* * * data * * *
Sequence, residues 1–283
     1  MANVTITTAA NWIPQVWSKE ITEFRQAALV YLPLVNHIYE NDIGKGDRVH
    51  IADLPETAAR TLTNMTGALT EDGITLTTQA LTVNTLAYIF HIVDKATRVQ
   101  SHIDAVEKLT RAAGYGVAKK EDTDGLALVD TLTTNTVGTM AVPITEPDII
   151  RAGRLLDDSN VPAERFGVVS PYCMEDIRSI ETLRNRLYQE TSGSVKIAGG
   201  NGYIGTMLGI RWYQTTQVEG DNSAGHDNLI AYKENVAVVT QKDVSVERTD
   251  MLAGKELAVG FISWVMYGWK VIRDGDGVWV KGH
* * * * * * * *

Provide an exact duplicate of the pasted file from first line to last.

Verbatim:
Sequence, residues 1–283
     1  MANVTITTAA NWIPQVWSKE ITEFRQAALV YLPLVNHIYE NDIGKGDRVH
    51  IADLPETAAR TLTNMTGALT EDGITLTTQA LTVNTLAYIF HIVDKATRVQ
   101  SHIDAVEKLT RAAGYGVAKK EDTDGLALVD TLTTNTVGTM AVPITEPDII
   151  RAGRLLDDSN VPAERFGVVS PYCMEDIRSI ETLRNRLYQE TSGSVKIAGG
   201  NGYIGTMLGI RWYQTTQVEG DNSAGHDNLI AYKENVAVVT QKDVSVERTD
   251  MLAGKELAVG FISWVMYGWK VIRDGDGVWV KGH